National League The Associated Press East Division L Pct GB W Atlanta. . . . . . . . . . 25 18 .581 — .523 2½ Washington . . . . . . 23 21 Philadelphia . . . . . 21 23 .477 4½ .415 7 New York . . . . . . . . 17 24 .273 13½ Miami. . . . . . . . . . . 12 32 Central Division .651 — St. Louis. . . . . . . . . 28 15 ASKETBALL Cincinnati . . . . . . . 26 18 .591 2½ .591 2½ Pittsburgh . . . . . . . 26 18 NBA playoffs Chicago . . . . . . . . . 18 25 .419 10 NBA Daily Playoff Glance .405 10½ Milwaukee . . . . . . . 17 25 The Associated Press West Division All Times EDT Arizona . . . . . . . . . 25 19 .568 — (x-if necessary) .545 1 Colorado. . . . . . . . . 24 20 (Best-of-7) San Francisco . . . . 24 20 .545 1 CONFERENCE SEMIFINALS .465 4½ San Diego. . . . . . . . 20 23 Sunday, May 5 Los Angeles . . . . . . 17 25 .405 7 Oklahoma City 93, Memphis 91 Saturday's Games Indiana 102, New York 95 Chicago Cubs 8, N.Y. Mets 2 Monday, May 6 Cincinnati 10, Philadelphia 0 Chicago 93, Miami 86 Houston 4, Pittsburgh 2, 11 innings San Antonio 129, Golden State 127, Arizona 1, Miami 0 2OT Atlanta 3, L.A. Dodgers 1 Tuesday, May 7 Milwaukee 6, St. Louis 4, 10 innings New York 105, Indiana 79 Colorado 10, San Francisco 2 Memphis 99, Oklahoma City 93 San Diego 2, Washington 1 Wednesday, May 8 Sunday's Games Miami 115, Chicago 78 Miami 2, Arizona 1 Golden State 100, San Antonio 91 Philadelphia 3, Cincinnati 2 Friday, May 10 Pittsburgh 1, Houston 0 Miami 104, Chicago 94 Atlanta 5, L.A. Dodgers 2 San Antonio 102, Golden State 92 St. Louis 4, Milwaukee 2 Saturday, May 11 N.Y. Mets 4, Chicago Cubs 3 Memphis 87, Oklahoma City 81 Colorado 5, San Francisco 0 Indiana 82, New York 71 San Diego 13, Washington 4 Sunday, May 12 Monday's Games Golden State 97, San Antonio 87, OT Cincinnati (Cueto 1-0) at N.Y. Mets Monday, May 13 (Marcum 0-4), 7:10 p.m. Miami 88, Chicago 65 Minnesota (Correia 4-3) at Atlanta Memphis 103, Oklahoma City 97, OT (Teheran 2-1), 7:10 p.m. Tuesday, May 14 Philadelphia (Hamels 1-6) at Miami Indiana 93, New York 82 (Sanabia 2-6), 7:10 p.m. San Antonio 109, Golden State 91 L.A. Dodgers (Kershaw 4-2) at MilWednesday, May 15 waukee (Gallardo 3-3), 8:10 p.m. Miami 94, Chicago 91, Miami wins seArizona (Corbin 6-0) at Colorado (Garries 4-1 land 3-4), 8:40 p.m. Memphis 88, Oklahoma City 84, MemSt. Louis (S.Miller 5-2) at San Diego phis wins series 4-1 (Marquis 5-2), 10:10 p.m. Thursday, May 16 Washington (Duke 0-0) at San FranNew York 85, Indiana 75 cisco (Vogelsong 1-4), 10:15 p.m. San Antonio 94, Golden State 82, San Tuesday's Games Antonio wins series 4-2 Chicago Cubs at Pittsburgh, 7:05 p.m. Saturday, May 18 Cincinnati at N.Y. Mets, 7:10 p.m. Indiana 106, New York 99, Indiana Minnesota at Atlanta, 7:10 p.m. wins series 4-2 Philadelphia at Miami, 7:10 p.m. (Best-of-7) L.A. Dodgers at Milwaukee, 8:10 p.m. CONFERENCE FINALS Arizona at Colorado, 8:40 p.m. Sunday, May 19 St. Louis at San Diego, 10:10 p.m. San Antonio 105, Memphis 83, San AnWashington at San Francisco, 10:15 tonio leads series 1-0 p.m. Tuesday, May 21 —— Memphis at San Antonio, 9 p.m. American League Wednesday, May 22 East Division Indiana at Miami, 8:30 p.m. W L Pct GB Friday, May 24 New York . . . . . . . . 27 16 .628 — Indiana at Miami, 8:30 p.m. Boston . . . . . . . . . . 26 17 .605 1 Saturday, May 25 Baltimore. . . . . . . . 23 20 .535 4 San Antonio at Memphis, 9 p.m. Tampa Bay. . . . . . . 23 20 .535 4 Sunday, May 26 Toronto. . . . . . . . . . 17 26 .395 10 Miami at Indiana, 8:30 p.m. Central Division Monday, May 27 Cleveland. . . . . . . . 25 17 .595 — San Antonio at Memphis, 9 p.m. Detroit . . . . . . . . . . 23 18 .561 1½ Tuesday, May 28 Kansas City . . . . . . 20 20 .500 4 Miami at Indiana, 8:30 p.m. Minnesota . . . . . . . 18 21 .462 5½ Wednesday, May 29 Chicago . . . . . . . . . 19 23 .452 6 x-Memphis at San Antonio, 9 p.m. West Division Thursday, May 30 Texas . . . . . . . . . . . 28 15 .651 — x-Indiana at Miami, 8:30 p.m. Oakland . . . . . . . . . 23 22 .511 6 Friday, May 31 Seattle . . . . . . . . . . 20 24 .455 8½ x-San Antonio at Memphis, 9 p.m. Los Angeles . . . . . . 17 27 .386 11½ Saturday, June 1 Houston . . . . . . . . . 12 32 .273 16½ x-Miami at Indiana, 8:30 p.m. Saturday's Games Sunday, June 2 Cleveland 5, Seattle 4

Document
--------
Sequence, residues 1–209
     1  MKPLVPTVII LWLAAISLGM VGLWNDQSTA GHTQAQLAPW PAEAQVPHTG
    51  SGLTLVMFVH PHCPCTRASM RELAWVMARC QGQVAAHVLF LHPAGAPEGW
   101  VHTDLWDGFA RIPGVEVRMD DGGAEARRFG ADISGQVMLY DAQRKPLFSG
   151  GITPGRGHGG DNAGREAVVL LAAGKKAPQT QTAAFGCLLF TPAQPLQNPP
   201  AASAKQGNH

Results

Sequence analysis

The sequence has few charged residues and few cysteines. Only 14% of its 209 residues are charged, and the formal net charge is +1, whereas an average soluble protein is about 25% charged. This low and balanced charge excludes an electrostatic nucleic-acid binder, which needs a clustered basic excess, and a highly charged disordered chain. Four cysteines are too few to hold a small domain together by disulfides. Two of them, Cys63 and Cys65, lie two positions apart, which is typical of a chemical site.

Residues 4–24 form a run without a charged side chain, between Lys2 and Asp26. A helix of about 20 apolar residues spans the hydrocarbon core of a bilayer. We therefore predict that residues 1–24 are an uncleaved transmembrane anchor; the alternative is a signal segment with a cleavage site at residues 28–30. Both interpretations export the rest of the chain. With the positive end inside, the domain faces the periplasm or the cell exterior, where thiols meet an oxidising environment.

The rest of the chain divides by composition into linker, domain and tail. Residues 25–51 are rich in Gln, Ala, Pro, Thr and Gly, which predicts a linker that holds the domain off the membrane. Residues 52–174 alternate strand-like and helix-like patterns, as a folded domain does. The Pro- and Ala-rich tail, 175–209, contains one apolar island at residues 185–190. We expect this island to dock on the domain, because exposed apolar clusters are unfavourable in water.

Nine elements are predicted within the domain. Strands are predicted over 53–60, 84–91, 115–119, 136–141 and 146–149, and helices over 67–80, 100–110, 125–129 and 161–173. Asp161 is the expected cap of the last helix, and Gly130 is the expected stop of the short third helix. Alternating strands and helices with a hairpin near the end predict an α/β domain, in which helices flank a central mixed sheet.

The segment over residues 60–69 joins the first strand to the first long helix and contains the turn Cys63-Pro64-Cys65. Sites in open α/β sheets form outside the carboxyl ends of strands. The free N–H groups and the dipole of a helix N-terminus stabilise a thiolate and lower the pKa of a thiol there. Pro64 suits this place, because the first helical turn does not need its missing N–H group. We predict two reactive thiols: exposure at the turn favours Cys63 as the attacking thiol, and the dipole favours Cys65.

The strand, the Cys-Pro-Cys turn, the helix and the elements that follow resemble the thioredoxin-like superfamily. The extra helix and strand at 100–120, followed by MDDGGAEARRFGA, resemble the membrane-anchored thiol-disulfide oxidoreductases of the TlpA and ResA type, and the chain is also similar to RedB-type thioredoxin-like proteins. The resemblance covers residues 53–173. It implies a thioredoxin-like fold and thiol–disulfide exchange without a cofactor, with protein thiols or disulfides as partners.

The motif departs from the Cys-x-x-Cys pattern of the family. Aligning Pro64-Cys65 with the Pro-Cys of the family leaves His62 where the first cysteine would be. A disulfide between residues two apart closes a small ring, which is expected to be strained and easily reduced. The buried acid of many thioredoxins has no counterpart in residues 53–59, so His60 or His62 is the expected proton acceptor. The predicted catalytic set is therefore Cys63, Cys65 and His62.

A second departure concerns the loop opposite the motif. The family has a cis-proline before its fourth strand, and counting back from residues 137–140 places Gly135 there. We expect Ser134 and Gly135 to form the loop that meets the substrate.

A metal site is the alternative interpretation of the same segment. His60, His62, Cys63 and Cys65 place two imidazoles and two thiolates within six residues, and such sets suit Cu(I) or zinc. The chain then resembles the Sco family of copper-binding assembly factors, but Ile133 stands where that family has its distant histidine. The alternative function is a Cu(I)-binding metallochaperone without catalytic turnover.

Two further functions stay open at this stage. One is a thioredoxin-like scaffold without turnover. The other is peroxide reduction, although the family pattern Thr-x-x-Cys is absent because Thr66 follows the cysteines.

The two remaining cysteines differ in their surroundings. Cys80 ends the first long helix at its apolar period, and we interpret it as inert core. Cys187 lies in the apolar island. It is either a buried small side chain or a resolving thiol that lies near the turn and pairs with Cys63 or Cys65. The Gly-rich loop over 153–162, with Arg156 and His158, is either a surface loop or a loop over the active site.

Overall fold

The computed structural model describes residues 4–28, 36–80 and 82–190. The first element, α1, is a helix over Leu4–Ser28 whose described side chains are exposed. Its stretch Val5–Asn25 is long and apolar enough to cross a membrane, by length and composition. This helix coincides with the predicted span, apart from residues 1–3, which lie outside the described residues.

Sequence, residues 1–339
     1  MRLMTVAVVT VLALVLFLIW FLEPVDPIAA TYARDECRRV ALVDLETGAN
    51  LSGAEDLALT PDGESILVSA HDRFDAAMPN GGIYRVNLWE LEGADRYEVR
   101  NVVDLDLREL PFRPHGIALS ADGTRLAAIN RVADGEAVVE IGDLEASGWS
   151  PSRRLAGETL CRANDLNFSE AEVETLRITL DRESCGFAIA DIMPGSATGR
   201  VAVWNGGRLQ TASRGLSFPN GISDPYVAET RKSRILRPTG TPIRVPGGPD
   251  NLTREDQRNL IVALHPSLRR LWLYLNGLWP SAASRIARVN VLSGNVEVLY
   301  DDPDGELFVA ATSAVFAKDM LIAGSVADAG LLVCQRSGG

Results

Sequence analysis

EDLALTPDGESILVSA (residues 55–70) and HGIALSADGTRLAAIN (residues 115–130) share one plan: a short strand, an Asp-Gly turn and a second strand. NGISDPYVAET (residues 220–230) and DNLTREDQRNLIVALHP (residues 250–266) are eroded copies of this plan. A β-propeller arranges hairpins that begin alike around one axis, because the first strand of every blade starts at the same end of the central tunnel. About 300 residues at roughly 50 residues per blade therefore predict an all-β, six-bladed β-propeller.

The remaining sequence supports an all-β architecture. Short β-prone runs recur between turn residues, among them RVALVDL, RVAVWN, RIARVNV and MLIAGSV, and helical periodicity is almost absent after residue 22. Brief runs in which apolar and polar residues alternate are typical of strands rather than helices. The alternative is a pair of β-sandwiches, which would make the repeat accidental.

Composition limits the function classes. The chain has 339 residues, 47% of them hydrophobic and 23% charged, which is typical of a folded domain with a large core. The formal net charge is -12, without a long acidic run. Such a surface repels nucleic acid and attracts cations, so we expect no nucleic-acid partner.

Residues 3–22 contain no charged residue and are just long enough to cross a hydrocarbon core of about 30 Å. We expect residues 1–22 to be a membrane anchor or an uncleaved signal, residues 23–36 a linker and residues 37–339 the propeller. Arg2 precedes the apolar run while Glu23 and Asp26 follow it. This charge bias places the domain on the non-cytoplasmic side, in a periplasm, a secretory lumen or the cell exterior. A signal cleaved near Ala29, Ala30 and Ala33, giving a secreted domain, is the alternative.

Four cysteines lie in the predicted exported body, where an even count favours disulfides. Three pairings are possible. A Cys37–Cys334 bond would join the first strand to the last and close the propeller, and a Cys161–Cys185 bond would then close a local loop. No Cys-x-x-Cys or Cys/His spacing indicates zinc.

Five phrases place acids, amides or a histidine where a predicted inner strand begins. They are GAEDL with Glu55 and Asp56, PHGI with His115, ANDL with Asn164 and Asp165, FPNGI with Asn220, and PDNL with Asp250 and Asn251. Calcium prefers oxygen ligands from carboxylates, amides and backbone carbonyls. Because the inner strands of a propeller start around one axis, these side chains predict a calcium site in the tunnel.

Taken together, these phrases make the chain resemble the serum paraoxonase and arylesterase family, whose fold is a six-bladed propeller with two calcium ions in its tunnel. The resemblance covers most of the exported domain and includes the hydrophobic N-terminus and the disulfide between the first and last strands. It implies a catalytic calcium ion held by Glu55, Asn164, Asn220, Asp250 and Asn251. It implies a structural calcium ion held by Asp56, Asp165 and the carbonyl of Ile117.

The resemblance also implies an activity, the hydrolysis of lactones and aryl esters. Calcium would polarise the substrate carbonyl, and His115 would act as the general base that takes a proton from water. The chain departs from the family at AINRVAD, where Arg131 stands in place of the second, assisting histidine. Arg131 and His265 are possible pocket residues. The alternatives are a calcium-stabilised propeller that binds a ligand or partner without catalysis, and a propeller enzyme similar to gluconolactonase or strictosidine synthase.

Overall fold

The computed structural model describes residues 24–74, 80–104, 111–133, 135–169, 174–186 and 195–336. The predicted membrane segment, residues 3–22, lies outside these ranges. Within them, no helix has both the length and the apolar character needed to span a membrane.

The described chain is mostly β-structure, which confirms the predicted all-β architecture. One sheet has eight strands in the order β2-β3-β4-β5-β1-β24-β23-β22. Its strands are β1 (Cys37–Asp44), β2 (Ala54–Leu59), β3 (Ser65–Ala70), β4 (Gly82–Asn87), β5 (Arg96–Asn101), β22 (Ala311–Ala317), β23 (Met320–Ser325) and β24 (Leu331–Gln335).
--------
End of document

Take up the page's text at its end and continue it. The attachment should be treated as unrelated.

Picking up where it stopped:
N.Y. Yankees 7, Toronto 2 L.A. Angels 12, Chicago White Sox 9 Tampa Bay 10, Baltimore 6 Houston 4, Pittsburgh 2, 11 innings Boston 12, Minnesota 5 Texas 7, Detroit 2 Oakland 2, Kansas City 1 Sunday's Games Cleveland 6, Seattle 0 Toronto at New York, ppd., rain Pittsburgh 1, Houston 0 Tampa Bay 3, Baltimore 1 Boston at Minnesota, 2:10 p.m. L.A. Angels 6, Chicago White Sox 2 Oakland 4, Kansas City 3 Detroit at Texas, 8:05 p.m. Monday's Games Seattle (Iwakuma 5-1) at Cleveland (Kazmir 2-2), 12:05 p.m. Tampa Bay (Odorizzi 0-0) at Toronto (Dickey 3-5), 1:07 p.m. N.Y. Yankees (Sabathia 4-3) at Baltimore (F.Garcia 0-2), 7:05 p.m. Minnesota (Correia 4-3) at Atlanta (Teheran 2-1), 7:10 p.m. Oakland (Colon 3-2) at Texas (Lindblom 0-0), 8:05 p.m. Boston (Lester 6-0) at Chicago White Sox (Axelrod 1-3), 8:10 p.m. Kansas City (Guthrie 5-1) at Houston (Keuchel 0-1), 8:10 p.m. Tuesday's Games Detroit at Cleveland, 7:05 p.m. N.Y. Yankees at Baltimore, 7:05 p.m. Tampa Bay at Toronto, 7:07 p.m. Minnesota at Atlanta, 7:10 p.m. Oakland at Texas, 8:05 p.m. Boston at Chicago White Sox, 8:10 p.m. Kansas City at Houston, 8:10 p.m. Seattle at L.A. Angels, 10:05 p.m. —— LEAGUE LEADERS By The Associated Press NATIONAL LEAGUE BATTING_Segura, Milwaukee, .364; Votto, Cincinnati, .349; Tulowitzki, Colorado, .336; CGomez, Milwaukee, .336; Aoki, Milwaukee, .333; YMolina, St. Louis, .333; Goldschmidt, Arizona, .333. RUNS_CGonzalez, Colorado, 36; Choo, Cincinnati, 35; MCarpenter, St. Louis, 33; SMarte, Pittsburgh, 33; Votto, Cincinnati, 33; Holliday, St. Louis, 32; JUpton, Atlanta, 32. RBI_Tulowitzki, Colorado, 37; Phillips, Cincinnati, 36; Goldschmidt, Arizona, 35; Sandoval, San Francisco, 32; Buck, New York, 31; Craig, St. Louis, 30; Rizzo, Chicago, 30. HITS_Segura, Milwaukee, 59; Votto, Cincinnati, 58; GParra, Arizona, 55; Aoki, Milwaukee, 54; SMarte, Pittsburgh, 54; Scutaro, San Francisco, 54; Goldschmidt, Arizona, 53; YMolina, St. Louis, 53. DOUBLES_Bruce, Cincinnati, 15; MCarpenter, St. Louis, 14; GParra, Arizona, 14; Pollock, Arizona, 14; Schierholtz, Chicago, 14; Desmond, Washington, 13; DanMurphy, New York, 13. TRIPLES_Hechavarria, Miami, 5; Segura, Milwaukee, 4; ECabrera, San Diego, 3; CGomez, Milwaukee, 3; DWright, New York, 3; EYoung, Colorado, 3; 15 tied at 2. HOME RUNS_JUpton, Atlanta, 14; Goldschmidt, Arizona, 12; Harper, Washington, 11; Beltran, St. Louis, 10; Buck, New York, 10; CGonzalez, Colorado, 10; Rizzo, Chicago, 10. STOLEN BASES_ECabrera, San Diego, 18; Segura, Milwaukee, 14; Pierre, Miami, 13; SMarte, Pittsburgh, 10; DWright, New York, 10; CGomez, Milwaukee, 9; McCutchen, Pittsburgh, 9. PITCHING_Zimmermann, Washington, 7-2; Corbin, Arizona, 6-0; Lynn, St. Louis, 6-1; 8 tied at 5. STRIKEOUTS_AJBurnett, Pittsburgh, 79; Harvey, New York, 68; Kershaw, Los Angeles, 67; Samardzija, Chicago, 64; Wainwright, St. Louis, 63; Bumgarner, San Francisco, 58; SMiller, St. Louis, 57; Lynn, St. Louis, 57. SAVES_Grilli, Pittsburgh, 17; Kimbrel, Atlanta, 14; Romo, San Francisco, 13; Mujica, St. Louis, 13; RSoriano, Washington, 12; RBetancourt, Colorado, 10; Street, San Diego, 10. —— AMERICAN LEAGUE BATTING_MiCabrera, Detroit, .373; Loney, Tampa Bay, .356; Mauer, Minnesota, .351; AGordon, Kansas City, .343; Pedroia, Boston, .341; Altuve, Houston, .333; Machado, Baltimore, .328. RUNS_AJackson, Detroit, 33; Machado, Baltimore, 32; McLouth, Baltimore, 32; AJones, Baltimore, 31; Longoria, Tampa Bay, 31; MiCabrera, Detroit, 30; Pedroia, Boston, 30. RBI_MiCabrera, Detroit, 42; CDavis, Baltimore, 40; MarReynolds, Cleveland, 37; Fielder, Detroit, 34; Napoli, Boston, 34; NCruz, Texas, 33; Cano, New York, 31; Encarnacion, Toronto, 31. HITS_MiCabrera, Detroit, 63; Machado, Baltimore, 61; AGordon, Kansas City, 59; AJones, Baltimore, 58; Pedroia, Boston, 57; Altuve, Houston, 54; Longoria, Tampa Bay, 54. DOUBLES_Machado, Baltimore, 18; Napoli, Boston, 18; Mauer, Minnesota, 17; CDavis, Baltimore, 15; Donaldson, Oakland, 15; AJones, Baltimore, 14; Lowrie, Oakland, 14. TRIPLES_Ellsbury, Boston, 4; Andrus, Texas, 3; Gardner, New York, 3; LMartin, Texas, 3; Trout, Los Angeles, 3; 17 tied at 2. HOME RUNS_Cano, New York, 12; CDavis, Baltimore, 12; Encarnacion, Toronto, 12; MarReynolds, Cleveland, 12; NCruz, Texas, 11; 7 tied at 10. STOLEN BASES_Ellsbury, Boston, 13; McLouth, Baltimore, 13; Andrus, Texas, 12; Gardner, New York, 9; Crisp, Oakland, 8; RDavis, Toronto, 8; AEscobar, Kansas City, 8; Kipnis, Cleveland, 8; Pedroia, Boston, 8; Trout, Los Angeles, 8. PITCHING_MMoore, Tampa Bay, 8-0; Darvish, Texas, 7-1; Masterson, Cleveland, 7-2; Lester, Boston, 6-0; Buchholz, Boston, 6-0; Kuroda, New York, 6-2; 8 tied at 5. STRIKEOUTS_Darvish, Texas, 86; FHernandez, Seattle, 72; Masterson, Cleveland, 71; Buchholz, Boston, 69; Scherzer, Detroit, 68; AniSanchez, Detroit, 68; Dempster, Boston, 63. SAVES_Rivera, New York, 16; JiJohnson, Baltimore, 14; AReed, Chicago, 14; Nathan, Texas, 12; Wilhelmsen, Seattle, 11; Janssen, Toronto, 10; Frieri, Los Angeles, 9.